NICOSIA (Reuters) - Cyprus will not accept a bailout from international lenders on the current terms being offered, President Demetris Christofias said on Wednesday, with the indebted government set to propose alternative savings.
Setting the tone for tough negotiations with lenders, Christofias said he would never sign a bailout deal which called for the sell-off of profitable state-owned enterprises, or which would abolish inflation-linked salary increments.
It was the first time Christofias explicitly ruled out lending proposals as they presently stand, though officials have frequently said they considered the proposals non-binding and “building blocks” towards a deal.
A draft economic adjustment programme prepared by the European Commission, the ECB and the IMF and submitted to Cyprus in July called, among other things, for ending wage indexation, known as CoLA, and embarking on a privatization programme.
“We aren’t just saying ‘no’ to them,” Christofias told Greek state broadcaster NET in an interview. “We are giving them counterproposals. They are being prepared, we are in the very final stages and which will provide for as much in savings as they (the troika) wants,” he said.
Cyprus sought aid in June after its two largest banks suffered huge losses on their exposure to Greece, forcing them to turn to the government for aid.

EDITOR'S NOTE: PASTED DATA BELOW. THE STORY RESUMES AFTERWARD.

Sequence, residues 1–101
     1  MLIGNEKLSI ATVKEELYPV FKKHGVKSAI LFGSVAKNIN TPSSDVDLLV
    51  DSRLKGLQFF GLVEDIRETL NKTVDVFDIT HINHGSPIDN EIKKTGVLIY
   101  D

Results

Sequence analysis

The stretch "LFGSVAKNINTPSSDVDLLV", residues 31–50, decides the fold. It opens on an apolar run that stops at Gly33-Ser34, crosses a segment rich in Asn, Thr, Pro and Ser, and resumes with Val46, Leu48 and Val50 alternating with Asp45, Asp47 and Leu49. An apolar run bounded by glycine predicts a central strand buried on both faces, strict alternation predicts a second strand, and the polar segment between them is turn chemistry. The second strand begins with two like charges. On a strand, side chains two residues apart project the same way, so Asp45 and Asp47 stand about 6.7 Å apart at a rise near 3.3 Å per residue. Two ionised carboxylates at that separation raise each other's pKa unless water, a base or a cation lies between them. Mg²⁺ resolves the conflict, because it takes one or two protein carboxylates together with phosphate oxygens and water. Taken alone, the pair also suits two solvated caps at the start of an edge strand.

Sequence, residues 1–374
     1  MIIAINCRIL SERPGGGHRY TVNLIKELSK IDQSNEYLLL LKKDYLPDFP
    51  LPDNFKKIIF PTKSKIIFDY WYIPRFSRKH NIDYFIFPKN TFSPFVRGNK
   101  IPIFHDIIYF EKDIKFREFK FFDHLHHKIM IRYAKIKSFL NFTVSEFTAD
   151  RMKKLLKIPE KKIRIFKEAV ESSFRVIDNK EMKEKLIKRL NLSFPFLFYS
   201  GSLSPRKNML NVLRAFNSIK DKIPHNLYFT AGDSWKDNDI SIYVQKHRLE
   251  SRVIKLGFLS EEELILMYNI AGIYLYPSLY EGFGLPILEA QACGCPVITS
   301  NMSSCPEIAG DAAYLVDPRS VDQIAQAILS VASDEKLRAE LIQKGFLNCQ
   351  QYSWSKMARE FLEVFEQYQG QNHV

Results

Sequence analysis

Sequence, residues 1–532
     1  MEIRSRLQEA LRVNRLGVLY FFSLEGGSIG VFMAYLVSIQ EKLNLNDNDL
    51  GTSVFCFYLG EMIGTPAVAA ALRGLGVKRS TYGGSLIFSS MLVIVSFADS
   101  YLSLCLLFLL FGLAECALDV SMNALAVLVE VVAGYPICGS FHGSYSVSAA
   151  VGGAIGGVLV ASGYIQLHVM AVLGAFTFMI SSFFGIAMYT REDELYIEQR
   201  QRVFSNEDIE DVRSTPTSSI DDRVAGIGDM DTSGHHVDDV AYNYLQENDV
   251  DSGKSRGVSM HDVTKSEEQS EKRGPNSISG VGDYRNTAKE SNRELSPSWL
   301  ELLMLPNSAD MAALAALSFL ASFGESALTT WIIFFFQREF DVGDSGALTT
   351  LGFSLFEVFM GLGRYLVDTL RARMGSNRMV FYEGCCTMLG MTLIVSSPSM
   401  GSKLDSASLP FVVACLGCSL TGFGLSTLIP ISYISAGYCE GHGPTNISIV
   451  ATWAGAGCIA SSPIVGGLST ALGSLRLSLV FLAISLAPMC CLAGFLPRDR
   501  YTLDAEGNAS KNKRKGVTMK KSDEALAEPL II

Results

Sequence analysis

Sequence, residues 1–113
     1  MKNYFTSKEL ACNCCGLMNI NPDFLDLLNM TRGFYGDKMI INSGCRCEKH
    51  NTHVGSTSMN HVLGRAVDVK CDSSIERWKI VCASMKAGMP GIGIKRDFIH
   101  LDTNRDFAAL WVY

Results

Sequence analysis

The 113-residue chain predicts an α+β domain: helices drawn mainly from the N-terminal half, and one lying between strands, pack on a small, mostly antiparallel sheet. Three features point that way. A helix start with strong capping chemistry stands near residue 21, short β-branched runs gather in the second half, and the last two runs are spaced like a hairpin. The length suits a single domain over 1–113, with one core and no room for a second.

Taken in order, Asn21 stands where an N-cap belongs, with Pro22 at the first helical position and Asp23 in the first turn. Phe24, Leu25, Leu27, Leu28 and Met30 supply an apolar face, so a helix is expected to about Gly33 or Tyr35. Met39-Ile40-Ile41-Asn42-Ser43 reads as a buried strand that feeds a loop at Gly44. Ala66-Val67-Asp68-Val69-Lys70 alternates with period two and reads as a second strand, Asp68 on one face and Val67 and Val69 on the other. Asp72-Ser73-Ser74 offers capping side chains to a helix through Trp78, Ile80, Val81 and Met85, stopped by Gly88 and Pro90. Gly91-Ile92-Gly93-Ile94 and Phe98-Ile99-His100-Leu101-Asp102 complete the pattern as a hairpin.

The island, shut out of capital markets for 15 months and wrestling with its own fiscal imbalances and its first recession in almost 40 years, applied for a comprehensive bailout.
Wary at the Greek experience, Cyprus has attempted to put down markers of how far it can go; government officials have frequently been critical of the bailout conditions imposed on Greece, and the island’s ruling communist party has said an exit from the euro zone could even be considered if their terms were too harsh.
“This neo-liberal method of dealing (with the crisis) is bankrupt,” Christofias said, referring to Greece. “Its a vicious cycle, a Sisyphean task.”
He also took aim at a perception southerners were too laid back. “As Cypriots we consider this an insult.. we re-built Cyprus in three or four years after losing 70 percent of our economy,” he said, referring to a war in 1974 which split the island into two and displaced thousands.
Cyprus is the third-smallest nation in the 17 member euro zone. The bailout amount has not been defined, but Russia, a close business and political ally, last week said Cyprus required 15 billion euros from the EU. [ID:nL5E8KS1O5]
Nicosia has also sought a 5 billion euro bilateral loan from Moscow.
A significant chunk of that amount is believed to be for banks, which expanded aggressively into the Greek market in the past decade but are now attempting to ring-fence their operations there.
“What happened with the banks was a crime,” Christofias said.
The ministerial cabinet was due to meet on Wednesday evening to finalize counter-proposals and Christofias was scheduled to meet party leaders on Friday for further discussions.
Scrapping CoLA and halting payment of year-end bonuses in the broad public sector is unlikely to go down well with a highly-unionized workforce, particularly ahead of a general election in February 2013.
Christofias, elected in 2008 and with close ties to labor unions, has said he does not plan to seek a second term.
“You cannot tell someone they won’t receive a 13th (month’s)salary. It automatically means you paralyze the market,” Christofias said.
“I can assure you, I will not sign any memorandum which scraps CoLA. The same applies to two or three other measures,” he said, referring to the 13th month’s salary and privatizations.
Reporting By Michele Kambas; Editing by Stephen Nisbetpra